The Museum of Modern Art, New York City. February 22, 2014
Frank Lloyd Wright may be best remembered for his Prairie Style houses, but the scale of his most ambitious dreams, conceived as America’s cities evolved during the 20th century, was grander. This winter the Museum of Modern Art unveiled Frank Lloyd Wright and the City: Density vs. Dispersal, devoted to Wright’s designs for commercial and apartment buildings, as well as a utopian landscape he called Broadacre City.
Broadacre City Project,
by Frank Lloyd Wright.
Model in four sections: painted wood, cardboard, and paper. Courtesy MoMA.
At the first of several informal lectures devoted to the exhibition, Jennifer Gray, a MoMA educator and architectural historian at Columbia University, walked a capacity crowd through the gallery, ending with a contemplation of a 12-by-12-foot model of Broadacres. Beginning with the San Francisco Call Building, designed in 1912 but, like a number of his commercial projects, never built, Gray showed how Wright’s thinking about the American city developed in sometimes contradictory directions. For example, he repurposed his design for St. Mark’s-in-the-Bouwerie Towers (1927–31), a Manhattan apartment complex, into a tower-in-the-park concept simply by superimposing trees on the buildings he had originally drawn around the structure.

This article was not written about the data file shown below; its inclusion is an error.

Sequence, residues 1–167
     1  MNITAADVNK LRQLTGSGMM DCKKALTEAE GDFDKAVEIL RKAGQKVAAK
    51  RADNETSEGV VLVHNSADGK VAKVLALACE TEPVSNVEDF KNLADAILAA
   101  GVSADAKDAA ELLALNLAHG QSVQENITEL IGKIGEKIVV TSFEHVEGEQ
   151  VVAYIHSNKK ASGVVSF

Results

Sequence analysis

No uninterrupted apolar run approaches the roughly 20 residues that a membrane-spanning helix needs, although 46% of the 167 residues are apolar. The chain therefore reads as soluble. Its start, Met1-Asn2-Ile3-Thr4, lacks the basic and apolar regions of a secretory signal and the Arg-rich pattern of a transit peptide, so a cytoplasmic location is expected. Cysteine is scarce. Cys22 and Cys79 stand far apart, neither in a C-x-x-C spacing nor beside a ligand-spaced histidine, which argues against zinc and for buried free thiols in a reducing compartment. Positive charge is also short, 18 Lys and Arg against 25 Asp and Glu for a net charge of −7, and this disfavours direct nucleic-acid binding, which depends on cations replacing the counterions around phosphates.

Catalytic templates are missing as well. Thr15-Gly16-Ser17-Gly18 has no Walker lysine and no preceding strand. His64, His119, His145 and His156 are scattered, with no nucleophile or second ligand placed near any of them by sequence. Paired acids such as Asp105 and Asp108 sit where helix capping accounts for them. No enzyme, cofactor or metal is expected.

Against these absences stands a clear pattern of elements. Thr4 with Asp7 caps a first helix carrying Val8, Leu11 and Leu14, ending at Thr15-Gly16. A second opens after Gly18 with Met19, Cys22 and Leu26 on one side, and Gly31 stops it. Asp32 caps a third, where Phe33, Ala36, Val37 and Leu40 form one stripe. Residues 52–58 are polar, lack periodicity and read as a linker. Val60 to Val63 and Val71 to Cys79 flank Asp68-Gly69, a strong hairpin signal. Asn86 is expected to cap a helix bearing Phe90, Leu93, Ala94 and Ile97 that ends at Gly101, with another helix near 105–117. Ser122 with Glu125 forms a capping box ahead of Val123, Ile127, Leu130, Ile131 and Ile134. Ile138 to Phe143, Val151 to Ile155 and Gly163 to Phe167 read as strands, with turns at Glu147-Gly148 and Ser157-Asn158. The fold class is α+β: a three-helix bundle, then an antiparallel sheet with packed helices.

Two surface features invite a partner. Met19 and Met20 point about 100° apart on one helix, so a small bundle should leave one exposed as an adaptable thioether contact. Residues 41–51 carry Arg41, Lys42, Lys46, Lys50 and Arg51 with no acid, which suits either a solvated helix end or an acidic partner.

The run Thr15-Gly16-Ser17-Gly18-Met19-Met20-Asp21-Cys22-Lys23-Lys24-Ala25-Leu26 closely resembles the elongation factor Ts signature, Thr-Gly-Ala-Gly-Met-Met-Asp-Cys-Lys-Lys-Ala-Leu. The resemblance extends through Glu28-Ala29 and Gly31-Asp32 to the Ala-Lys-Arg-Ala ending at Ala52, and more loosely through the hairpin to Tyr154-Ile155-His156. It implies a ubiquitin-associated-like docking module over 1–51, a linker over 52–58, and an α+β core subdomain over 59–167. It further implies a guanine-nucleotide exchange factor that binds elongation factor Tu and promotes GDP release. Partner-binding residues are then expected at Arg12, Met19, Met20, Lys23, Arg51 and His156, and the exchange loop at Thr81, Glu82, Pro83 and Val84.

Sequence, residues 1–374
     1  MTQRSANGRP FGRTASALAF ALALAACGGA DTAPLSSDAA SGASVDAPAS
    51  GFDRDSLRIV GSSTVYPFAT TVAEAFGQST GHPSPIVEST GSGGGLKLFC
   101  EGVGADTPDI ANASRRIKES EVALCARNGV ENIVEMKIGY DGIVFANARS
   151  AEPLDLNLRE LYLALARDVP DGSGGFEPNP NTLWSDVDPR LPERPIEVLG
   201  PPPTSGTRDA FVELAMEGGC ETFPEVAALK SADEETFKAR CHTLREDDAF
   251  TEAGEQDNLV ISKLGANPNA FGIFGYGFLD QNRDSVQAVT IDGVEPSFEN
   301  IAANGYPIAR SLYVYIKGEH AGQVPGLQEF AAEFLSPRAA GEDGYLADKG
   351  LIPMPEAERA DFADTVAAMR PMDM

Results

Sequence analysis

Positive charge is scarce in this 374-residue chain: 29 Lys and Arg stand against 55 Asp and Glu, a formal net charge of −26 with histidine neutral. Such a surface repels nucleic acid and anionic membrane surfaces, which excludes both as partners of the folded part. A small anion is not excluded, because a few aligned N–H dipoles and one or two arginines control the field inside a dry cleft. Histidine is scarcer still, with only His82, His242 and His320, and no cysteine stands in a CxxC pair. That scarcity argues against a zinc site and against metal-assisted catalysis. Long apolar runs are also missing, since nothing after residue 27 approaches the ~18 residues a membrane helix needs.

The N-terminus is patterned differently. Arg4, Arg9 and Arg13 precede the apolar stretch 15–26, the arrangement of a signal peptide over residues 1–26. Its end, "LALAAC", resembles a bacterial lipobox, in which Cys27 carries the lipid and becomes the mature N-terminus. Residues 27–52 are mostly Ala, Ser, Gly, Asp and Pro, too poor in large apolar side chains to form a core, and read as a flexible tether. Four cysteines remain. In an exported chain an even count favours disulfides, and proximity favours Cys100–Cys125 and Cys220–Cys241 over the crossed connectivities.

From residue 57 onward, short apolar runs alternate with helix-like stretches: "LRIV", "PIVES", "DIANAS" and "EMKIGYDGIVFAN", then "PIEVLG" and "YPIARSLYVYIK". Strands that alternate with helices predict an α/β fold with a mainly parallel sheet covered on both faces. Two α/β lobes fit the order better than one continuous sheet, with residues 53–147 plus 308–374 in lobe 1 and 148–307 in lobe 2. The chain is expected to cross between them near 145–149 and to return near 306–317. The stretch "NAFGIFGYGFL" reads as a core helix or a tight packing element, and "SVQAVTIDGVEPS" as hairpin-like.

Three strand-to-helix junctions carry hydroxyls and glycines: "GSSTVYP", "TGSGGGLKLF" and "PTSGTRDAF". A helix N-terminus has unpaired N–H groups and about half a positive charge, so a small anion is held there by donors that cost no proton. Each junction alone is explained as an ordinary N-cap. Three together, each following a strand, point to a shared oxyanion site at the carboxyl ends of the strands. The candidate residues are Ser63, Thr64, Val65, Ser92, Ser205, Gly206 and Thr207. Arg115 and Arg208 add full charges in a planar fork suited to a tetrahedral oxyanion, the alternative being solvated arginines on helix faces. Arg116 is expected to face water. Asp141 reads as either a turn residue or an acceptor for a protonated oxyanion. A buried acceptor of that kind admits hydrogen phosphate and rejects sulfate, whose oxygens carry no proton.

At the same time that he was designing skyscrapers, Wright proposed Broadacres, a comprehensive plan of the American landscape that he conceived of in the 1930s and elaborated on during the course of his life. It allotted each household at least an acre of land, and Wright envisioned inhabitants zooming around via helicopter. “He could be so futuristic and far-thinking,” Gray said, “but also anachronistic and hokey.”The establishment of Broadacres would have required a radical redistribution of property, though the resulting homesteads would have been private. Amid the current debates about socioeconomic inequality, it’s impossible to gaze on the model of Broadacres without imagining alternatives for reordering the American landscape, no matter how fanciful Wright’s conception may seem.